See the rest here:
Passive solar home makes the most of a difficult, triangular site in Sydney

UNStudio wins bid to design new future-proofed Business School at UCA Epsom

July 5, 2019 by  
Filed under Business, Green

Comments Off on UNStudio wins bid to design new future-proofed Business School at UCA Epsom

UNStudio and its team of collaborators have won a competition design a new extension for the Business School for the Creative Industries at UCA Epsom in Farnham, England. Modeled after the historical “Salon of the Enlightenment,” the proposed building will encourage interaction and collaboration throughout the campus with its light-filled design, open circulation, and diversity of gathering spaces and meeting nodes. As part of UNStudio’s commitment to environmentally sustainable design , the new construction will also feature future-proofed energy and water infrastructure and source the majority of the building materials from carbon neutral, renewable sources. Covering an area of a little over 40,000 square feet, the new Building School extension will provide supplementary spaces for the current facility, as well as new undergraduate and post-graduate programs. The design comprises three types of spaces: Creative Spaces that encourage co-working in an open-plan environment and hot desks; Focus Spaces that include labs, seminar rooms and tutorial rooms; and, at the intersection of these former two spaces, Knowledge Exchange, where spontaneous meetings, collaboration and conversation take place in a social core named The Fireplace. This central gathering space for knowledge sharing will be combined with an elevated circulation ring that visually and physically connects the existing and new buildings. “Salons provided fascinating opportunities for debate for intellectuals from all walks of life,” says Ben van Berkel , Founder of UNStudio in a press statement. “Artists, scientists, philosophers, politicians; they all gathered to debate the concerns of their time, cross-fertilising and mutually influencing each other’s ideas along the way. Facilitating such exchange of ideas forms the core of the design for the new Business School.” UNStudio created the competition-winning design in collaboration with John Robertson Architects, Grant Associates, Atelier Ten, and AKT II. Related: UNStudio unveils sustainable vision for “The Smartest Neighborhood in the World” Access to nature and the outdoors is also a key component of the design. The extension will open up to a covered courtyard and adjacent internal garden through walls of glass to blur the boundaries between indoors and out. The abundance of glazing will also maximize natural lighting to minimize dependence on artificial lighting. To further reduce the building’s environment footprint, the architects will implement smart technology that will learn occupancy energy usage patterns over time. + UNStudio Images via UN Studio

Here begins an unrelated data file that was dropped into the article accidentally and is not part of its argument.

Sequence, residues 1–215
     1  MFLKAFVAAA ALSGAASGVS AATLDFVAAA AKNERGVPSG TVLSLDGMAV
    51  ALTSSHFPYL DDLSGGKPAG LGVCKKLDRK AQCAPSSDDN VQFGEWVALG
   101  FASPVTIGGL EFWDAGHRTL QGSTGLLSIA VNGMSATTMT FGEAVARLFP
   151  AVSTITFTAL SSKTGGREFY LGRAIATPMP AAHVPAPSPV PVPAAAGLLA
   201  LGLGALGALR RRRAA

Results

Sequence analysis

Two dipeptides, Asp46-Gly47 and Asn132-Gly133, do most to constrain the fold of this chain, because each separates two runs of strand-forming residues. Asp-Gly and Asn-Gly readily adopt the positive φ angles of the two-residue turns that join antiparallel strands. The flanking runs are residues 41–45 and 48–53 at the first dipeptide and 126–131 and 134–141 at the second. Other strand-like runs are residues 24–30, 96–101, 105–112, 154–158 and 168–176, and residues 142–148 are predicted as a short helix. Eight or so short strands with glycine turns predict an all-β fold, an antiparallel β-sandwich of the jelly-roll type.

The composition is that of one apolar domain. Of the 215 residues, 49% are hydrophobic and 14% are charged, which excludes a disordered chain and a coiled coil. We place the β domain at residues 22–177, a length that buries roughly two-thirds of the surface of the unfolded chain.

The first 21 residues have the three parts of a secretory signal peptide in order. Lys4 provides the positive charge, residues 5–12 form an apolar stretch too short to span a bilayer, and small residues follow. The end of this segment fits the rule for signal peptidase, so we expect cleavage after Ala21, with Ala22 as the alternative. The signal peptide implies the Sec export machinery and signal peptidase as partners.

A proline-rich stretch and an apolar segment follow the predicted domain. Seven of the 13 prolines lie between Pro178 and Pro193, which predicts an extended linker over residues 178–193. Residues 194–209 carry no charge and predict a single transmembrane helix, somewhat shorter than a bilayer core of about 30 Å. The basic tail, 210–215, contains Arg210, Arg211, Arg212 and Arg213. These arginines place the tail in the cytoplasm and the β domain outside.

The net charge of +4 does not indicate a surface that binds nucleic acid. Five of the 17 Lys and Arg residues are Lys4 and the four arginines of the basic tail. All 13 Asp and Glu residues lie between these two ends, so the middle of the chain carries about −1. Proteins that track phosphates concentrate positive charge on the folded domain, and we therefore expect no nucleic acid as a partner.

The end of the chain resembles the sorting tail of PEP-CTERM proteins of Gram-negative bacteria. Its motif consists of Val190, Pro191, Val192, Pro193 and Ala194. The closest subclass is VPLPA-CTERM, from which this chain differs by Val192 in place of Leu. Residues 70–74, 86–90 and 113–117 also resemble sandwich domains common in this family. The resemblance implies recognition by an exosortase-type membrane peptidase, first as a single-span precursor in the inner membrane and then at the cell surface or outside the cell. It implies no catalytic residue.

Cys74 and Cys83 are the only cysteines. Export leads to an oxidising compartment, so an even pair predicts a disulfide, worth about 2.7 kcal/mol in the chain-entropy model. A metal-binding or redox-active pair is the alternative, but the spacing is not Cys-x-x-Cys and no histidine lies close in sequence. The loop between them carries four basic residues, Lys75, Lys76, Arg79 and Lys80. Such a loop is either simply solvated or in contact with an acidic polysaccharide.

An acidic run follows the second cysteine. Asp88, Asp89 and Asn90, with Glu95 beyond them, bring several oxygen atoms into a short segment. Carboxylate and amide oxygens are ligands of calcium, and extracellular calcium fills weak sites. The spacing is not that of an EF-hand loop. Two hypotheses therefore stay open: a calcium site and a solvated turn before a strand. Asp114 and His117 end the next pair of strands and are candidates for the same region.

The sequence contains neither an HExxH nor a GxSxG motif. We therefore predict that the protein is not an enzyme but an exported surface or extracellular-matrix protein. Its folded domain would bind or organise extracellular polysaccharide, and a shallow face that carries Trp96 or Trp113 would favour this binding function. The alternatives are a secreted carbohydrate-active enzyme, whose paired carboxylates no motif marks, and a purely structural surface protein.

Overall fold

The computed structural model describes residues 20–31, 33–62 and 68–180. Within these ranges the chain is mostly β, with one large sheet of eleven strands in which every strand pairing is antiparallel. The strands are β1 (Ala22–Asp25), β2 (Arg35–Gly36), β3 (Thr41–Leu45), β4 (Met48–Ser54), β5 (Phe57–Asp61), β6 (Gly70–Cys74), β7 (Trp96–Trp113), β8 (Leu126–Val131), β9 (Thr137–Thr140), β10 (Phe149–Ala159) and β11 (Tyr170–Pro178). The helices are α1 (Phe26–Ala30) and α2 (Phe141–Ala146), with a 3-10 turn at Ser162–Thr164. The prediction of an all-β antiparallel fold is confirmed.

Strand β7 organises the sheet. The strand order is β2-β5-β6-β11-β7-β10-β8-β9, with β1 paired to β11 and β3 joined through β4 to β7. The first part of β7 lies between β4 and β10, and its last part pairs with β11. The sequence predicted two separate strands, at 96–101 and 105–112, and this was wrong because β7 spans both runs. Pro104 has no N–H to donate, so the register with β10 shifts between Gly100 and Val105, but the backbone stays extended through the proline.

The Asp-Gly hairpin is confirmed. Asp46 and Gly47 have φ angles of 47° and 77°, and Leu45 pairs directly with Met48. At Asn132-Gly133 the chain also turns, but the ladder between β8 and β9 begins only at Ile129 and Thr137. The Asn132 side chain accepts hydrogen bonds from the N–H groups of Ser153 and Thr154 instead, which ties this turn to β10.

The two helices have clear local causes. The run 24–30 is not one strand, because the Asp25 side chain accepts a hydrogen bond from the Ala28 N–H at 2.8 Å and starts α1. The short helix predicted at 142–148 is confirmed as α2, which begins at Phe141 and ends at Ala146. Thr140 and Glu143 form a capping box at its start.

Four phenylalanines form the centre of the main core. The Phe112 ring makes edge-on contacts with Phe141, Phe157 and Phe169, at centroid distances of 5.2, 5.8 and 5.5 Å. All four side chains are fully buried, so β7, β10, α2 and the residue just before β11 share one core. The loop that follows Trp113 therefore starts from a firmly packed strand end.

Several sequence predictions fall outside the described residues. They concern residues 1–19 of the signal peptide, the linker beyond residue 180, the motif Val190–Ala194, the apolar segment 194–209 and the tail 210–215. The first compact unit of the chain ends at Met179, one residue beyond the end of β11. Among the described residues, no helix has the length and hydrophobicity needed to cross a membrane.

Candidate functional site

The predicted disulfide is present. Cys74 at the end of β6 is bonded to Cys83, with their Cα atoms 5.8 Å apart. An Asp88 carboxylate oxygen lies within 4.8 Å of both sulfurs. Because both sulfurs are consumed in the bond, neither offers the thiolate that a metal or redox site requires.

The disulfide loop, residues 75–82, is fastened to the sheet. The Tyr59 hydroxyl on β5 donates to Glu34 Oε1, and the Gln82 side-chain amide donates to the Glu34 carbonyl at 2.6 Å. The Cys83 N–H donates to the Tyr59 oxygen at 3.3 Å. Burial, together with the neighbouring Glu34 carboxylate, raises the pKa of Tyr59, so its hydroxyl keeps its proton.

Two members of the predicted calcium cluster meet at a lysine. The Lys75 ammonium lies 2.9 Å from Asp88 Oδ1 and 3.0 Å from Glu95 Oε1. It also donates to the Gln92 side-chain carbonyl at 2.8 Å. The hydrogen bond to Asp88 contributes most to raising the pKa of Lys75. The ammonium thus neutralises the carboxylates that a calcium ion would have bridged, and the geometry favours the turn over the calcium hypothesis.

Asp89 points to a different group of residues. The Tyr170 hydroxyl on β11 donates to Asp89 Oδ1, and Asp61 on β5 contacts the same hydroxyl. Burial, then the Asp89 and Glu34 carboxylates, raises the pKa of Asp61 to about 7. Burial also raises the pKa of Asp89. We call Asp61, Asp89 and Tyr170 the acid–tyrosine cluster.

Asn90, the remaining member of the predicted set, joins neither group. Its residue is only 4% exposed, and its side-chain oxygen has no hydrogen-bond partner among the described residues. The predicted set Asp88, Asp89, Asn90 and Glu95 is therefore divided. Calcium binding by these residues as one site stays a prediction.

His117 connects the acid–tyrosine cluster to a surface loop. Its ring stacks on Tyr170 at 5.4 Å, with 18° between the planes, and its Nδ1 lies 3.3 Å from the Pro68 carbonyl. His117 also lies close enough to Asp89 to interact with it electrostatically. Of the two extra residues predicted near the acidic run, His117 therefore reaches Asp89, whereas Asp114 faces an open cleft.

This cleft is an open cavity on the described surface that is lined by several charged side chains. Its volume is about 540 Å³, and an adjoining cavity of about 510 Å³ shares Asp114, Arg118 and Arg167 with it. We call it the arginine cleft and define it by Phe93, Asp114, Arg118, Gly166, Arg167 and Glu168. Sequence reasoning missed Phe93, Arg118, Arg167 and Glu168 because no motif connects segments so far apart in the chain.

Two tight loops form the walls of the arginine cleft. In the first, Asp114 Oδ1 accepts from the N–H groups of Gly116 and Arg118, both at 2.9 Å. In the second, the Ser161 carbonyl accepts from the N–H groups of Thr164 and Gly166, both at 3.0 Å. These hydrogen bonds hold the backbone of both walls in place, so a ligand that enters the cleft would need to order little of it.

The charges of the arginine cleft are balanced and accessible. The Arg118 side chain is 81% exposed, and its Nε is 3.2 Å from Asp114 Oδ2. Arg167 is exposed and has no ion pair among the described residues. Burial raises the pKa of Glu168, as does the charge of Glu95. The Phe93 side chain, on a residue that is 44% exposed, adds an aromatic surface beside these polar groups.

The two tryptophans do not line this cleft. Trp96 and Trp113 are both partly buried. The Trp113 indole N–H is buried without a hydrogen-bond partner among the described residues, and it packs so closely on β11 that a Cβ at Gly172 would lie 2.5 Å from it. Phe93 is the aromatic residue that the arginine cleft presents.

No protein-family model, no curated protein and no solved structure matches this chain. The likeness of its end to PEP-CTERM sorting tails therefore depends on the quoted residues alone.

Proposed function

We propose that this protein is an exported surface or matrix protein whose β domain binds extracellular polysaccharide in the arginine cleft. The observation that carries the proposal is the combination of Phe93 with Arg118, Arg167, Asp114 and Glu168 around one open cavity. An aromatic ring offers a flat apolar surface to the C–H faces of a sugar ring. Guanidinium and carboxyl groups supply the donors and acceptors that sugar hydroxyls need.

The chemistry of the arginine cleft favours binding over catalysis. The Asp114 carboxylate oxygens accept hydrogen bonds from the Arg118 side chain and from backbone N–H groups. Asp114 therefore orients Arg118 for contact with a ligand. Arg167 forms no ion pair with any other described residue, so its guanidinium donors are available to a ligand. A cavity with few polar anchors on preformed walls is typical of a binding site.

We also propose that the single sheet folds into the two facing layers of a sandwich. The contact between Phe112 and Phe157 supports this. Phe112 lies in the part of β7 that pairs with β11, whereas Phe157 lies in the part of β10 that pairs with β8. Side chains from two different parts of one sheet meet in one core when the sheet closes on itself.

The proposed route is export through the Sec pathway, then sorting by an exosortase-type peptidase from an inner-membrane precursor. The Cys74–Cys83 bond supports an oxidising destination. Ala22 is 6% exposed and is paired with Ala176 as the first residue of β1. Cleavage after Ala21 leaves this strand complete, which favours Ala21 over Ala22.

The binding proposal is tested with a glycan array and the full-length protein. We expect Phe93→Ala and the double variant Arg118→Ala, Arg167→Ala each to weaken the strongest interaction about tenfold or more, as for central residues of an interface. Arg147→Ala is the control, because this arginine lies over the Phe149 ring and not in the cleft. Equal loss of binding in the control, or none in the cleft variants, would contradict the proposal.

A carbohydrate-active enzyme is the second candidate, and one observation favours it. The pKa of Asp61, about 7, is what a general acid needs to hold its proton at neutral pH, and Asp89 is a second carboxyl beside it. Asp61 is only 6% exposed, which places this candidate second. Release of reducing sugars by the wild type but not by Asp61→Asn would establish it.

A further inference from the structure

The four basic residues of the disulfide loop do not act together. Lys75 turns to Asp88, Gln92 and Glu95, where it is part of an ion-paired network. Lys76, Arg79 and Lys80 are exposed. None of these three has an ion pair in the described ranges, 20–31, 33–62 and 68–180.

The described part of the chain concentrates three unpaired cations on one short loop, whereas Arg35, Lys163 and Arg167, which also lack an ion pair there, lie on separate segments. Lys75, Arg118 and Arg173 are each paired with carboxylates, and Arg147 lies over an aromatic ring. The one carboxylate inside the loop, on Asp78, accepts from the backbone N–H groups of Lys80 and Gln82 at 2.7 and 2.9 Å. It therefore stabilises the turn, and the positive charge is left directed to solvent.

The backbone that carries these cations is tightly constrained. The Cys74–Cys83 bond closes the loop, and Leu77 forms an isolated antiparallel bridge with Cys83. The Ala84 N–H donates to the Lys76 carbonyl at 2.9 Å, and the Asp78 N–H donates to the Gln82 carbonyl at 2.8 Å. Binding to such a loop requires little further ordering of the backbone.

View original here: 
UNStudio wins bid to design new future-proofed Business School at UCA Epsom

Architects envision sustainable bamboo mass housing for Malaysia

July 2, 2019 by  
Filed under Eco, Green

Comments Off on Architects envision sustainable bamboo mass housing for Malaysia